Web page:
The opening scene of One Foot in Heaven (1941) parallels the theme (and expected surprise) of our 2015 series. Fredric March plays William Spence, a young, Canadian doctor in med school who pays a visit on his fiancee, Hope (Martha Scott), and her family. He has some important news he needs to share with them. It concerns his future with Hope. After some anxious questioning from the in-laws-to-be, he confesses to having gotten “the call” one day while listening to a preacher give a powerful sermon. The words the preacher spoke so touched William that then and there he decided to become a minister himself. Naturally, this comes as a surprise to Hope and her parents as they were all expecting him to become a doctor. Their lives together have now taken a different path, and William and Hope will start life anew in America.
Like Hope’s family who were expecting William to follow a certain path that had been laid out, so too are my patrons expecting something quite different from what I now have planned. Many in the audience want to see comedies or musicals or programs on a particular star. I’m afraid Cinema of Transcendence, as I’m calling it, will come as a surprise to them. Our seventh season at the Park Ridge Public Library ventures off the beaten path… once again. We’ll explore the role of spirituality on film– reel religion, if you will. This is a program I’ve wanted to share for a long time.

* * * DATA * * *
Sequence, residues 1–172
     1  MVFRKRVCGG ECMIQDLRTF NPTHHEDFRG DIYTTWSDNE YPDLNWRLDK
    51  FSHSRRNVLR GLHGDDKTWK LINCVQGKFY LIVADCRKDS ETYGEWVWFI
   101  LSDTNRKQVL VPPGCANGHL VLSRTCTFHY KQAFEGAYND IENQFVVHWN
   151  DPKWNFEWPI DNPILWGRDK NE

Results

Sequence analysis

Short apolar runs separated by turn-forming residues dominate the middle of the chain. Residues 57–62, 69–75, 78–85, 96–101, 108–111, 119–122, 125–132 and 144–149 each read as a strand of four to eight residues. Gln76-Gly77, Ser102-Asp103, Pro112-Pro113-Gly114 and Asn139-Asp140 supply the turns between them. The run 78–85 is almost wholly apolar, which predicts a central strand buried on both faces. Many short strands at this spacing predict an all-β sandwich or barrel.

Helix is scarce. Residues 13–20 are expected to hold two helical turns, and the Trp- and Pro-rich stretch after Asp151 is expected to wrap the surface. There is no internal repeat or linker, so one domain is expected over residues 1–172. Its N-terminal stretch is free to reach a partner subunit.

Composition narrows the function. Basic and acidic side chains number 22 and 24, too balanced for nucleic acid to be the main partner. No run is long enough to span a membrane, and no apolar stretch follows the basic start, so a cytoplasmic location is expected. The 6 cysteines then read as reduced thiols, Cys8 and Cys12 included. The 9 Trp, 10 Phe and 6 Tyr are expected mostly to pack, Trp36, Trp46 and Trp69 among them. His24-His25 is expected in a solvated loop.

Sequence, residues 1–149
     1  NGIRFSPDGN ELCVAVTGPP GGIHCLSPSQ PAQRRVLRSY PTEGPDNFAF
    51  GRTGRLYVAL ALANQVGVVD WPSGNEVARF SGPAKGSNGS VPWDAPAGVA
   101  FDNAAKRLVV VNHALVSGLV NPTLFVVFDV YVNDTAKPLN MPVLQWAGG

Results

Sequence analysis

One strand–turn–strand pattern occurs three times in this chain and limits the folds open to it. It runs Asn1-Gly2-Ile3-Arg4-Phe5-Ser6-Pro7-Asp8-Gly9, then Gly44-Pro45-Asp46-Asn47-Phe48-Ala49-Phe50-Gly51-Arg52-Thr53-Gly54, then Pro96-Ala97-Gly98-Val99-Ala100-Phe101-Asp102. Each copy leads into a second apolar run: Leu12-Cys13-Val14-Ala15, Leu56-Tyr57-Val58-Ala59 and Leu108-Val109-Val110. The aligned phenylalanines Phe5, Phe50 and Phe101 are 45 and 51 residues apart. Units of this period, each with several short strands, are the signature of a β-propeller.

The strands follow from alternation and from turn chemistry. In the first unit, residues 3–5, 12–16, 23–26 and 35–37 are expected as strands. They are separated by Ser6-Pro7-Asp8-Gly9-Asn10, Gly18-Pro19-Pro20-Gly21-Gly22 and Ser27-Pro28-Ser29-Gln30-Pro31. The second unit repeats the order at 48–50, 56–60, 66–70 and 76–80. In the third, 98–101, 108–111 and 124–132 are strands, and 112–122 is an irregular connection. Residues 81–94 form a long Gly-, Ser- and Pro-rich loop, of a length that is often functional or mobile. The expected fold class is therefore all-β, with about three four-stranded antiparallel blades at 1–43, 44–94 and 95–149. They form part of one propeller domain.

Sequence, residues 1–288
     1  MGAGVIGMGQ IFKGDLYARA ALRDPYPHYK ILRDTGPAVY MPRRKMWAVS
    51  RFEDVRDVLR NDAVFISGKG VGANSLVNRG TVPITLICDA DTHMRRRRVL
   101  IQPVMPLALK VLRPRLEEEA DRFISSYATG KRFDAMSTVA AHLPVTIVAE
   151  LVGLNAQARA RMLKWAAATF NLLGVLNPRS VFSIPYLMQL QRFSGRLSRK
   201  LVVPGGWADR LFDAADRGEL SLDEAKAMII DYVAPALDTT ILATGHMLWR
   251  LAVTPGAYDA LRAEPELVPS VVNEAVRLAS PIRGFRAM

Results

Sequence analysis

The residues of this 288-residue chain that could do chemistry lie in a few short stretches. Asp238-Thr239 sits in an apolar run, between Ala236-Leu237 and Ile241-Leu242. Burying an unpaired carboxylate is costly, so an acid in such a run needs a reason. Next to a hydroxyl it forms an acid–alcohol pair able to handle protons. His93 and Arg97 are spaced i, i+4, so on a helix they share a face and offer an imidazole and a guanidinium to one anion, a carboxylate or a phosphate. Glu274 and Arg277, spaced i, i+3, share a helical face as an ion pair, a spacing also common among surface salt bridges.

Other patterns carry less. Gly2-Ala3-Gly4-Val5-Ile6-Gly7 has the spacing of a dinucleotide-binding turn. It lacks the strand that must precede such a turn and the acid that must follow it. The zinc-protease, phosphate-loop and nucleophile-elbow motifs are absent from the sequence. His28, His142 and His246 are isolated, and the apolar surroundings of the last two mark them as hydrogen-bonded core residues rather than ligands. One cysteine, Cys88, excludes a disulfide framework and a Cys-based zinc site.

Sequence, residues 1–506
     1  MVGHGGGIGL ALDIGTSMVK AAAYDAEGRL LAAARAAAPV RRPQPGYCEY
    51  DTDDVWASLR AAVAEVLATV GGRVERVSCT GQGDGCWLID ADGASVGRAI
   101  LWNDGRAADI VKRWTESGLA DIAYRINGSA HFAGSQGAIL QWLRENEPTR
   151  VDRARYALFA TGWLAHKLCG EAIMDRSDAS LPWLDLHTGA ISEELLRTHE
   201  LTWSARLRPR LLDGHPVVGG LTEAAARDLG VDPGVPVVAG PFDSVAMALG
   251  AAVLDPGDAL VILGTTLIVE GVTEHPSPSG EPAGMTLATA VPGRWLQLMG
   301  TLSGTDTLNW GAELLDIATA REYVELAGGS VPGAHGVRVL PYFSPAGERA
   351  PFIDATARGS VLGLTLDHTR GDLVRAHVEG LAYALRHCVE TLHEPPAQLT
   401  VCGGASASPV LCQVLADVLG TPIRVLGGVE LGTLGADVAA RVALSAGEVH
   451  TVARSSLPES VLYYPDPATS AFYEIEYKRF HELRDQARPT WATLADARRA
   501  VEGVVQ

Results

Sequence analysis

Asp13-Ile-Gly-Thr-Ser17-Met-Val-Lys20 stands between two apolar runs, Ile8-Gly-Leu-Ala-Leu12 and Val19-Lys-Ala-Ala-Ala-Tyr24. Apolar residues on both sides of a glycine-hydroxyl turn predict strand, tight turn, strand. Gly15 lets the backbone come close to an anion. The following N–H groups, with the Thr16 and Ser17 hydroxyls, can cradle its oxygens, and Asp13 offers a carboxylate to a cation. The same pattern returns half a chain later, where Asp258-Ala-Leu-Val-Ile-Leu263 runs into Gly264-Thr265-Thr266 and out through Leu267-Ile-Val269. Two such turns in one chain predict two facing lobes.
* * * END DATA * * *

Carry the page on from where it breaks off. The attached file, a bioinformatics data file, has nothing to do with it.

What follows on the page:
One Foot in Heaven is the film that inspired this series. I’m intending to show it next spring– if the Warner Archive can restore it by then. (I’ve already contacted Warner and they are planning on releasing it soon, but a date has not yet been set.) But regardless of whether it is shown today or some distant tomorrow, its influence will be felt and it will be referenced throughout. Our theme, however, is larger than any one title. We’ll be screening films of all genres that reflect a transcendent view of humanity with a hope that we can become something more than what we are now. This is a series that offers a vision of humanity at its best.
The Church’s One Foundation, a hymn sung in One Foot in Heaven.